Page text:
Realising the full potential from the Norwegian Continental Shelf
Snøhvit's LNG plant on Melkøya near Hammerfest.
(Photo: Eiliv Leren)
The tour is showcasing Snøhvit LNG, the first Liquefied Natural Gas (LNG) plant in Northern Europe and the first offshore field development in the Barents Sea.
“This frontier development demonstrates how StatoilHydro – through pioneering technological solutions – is realising the full potential from the Norwegian Continental Shelf (NCS),” says Øystein Michelsen, executive vice president, Exploration and Production Norway.
NCS production at 1.5 millon boe /d
“The NCS is an attractive petroleum province with significant resources in existing fields and a large yet to find potential . This resource potential, together with StatoilHydro’s unique experience and ability to develop the NCS, supports our ambition of maintaining production of around 1.5 million barrels of oil equivalent per day (boe/d) from the NCS over the next 10 years,” Mr Michelsen says.
StatoilHydro’s NCS ambition is underpinned by a robust portfolio of sanctioned projects and identified non-sanctioned development projects. The company is also pursuing a promising set of Improved Oil Recovery (IOR) efforts that contribute to fighting decline in mature areas.
Growing the resource base
Exploration activity remains at a high level. So far in 2009 StatoilHydro has completed 24 wells and made 19 discoveries on the NCS, representing a success rate of close to 80%.
“The 2008 resource account shows a growth in discovered resources to about 22 billion barrels of oil equivalent (boe). This represents 32 years of production at current level, “ says Chief Financial Officer Eldar Sætre.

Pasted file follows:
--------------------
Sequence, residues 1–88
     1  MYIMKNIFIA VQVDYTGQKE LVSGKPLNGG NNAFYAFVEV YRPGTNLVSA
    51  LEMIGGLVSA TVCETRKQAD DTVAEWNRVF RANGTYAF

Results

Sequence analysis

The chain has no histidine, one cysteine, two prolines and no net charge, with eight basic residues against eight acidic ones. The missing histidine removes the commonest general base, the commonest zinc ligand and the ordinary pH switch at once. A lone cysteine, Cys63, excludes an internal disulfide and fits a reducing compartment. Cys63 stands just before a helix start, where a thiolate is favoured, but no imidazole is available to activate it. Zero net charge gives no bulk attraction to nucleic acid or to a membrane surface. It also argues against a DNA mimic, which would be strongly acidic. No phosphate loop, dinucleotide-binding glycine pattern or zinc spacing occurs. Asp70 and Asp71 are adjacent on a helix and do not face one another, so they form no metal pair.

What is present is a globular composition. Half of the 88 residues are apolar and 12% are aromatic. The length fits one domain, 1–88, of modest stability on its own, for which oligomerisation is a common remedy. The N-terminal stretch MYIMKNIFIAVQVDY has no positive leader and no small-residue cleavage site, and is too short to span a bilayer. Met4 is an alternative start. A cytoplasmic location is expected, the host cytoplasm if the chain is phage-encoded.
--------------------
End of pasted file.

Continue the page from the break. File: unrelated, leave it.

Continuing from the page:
“Approximately 50% of the resources are on the NCS. This clearly supports our ambition to maintain NCS production at current level and grow our production outside Norway,” Mr Sætre underlines.
StatoilHydro's equity production guiding for 2009 and 2012 remains firm at 1.95 million boe/d and 2.2 million boe/d respectively.
StatoilHydro is on track with realising the merger synergies. As a result of continuous focus on driving operational improvements and increasing efficiency throughout the organisation, the estimate for annual merger synergies is raised from NOK 6 billion to NOK 7 billion. Further cost reductions for 2009 and 2010 are also being targeted.
The Snøhvit development is completely subsea and is connected to shore through the world’s longest multiphase pipeline.
“StatoilHydro is a world-leader in innovative integrated subsea field development, subsea processing and long range multiphase transport of hydrocarbons. We are now in a unique position to leverage our experience towards future subsea and arctic developments,” says Margareth Øvrum, executive vice president, Technology and New Energy.
“This experience coupled with a technology edge makes StatoilHydro able to extend current production and develop new production from fields that earlier were considered impossible. Through technological developments, we are redefining the limits of recoverable resources and continuously improving our recovery rates,” Mrs Øvrum says.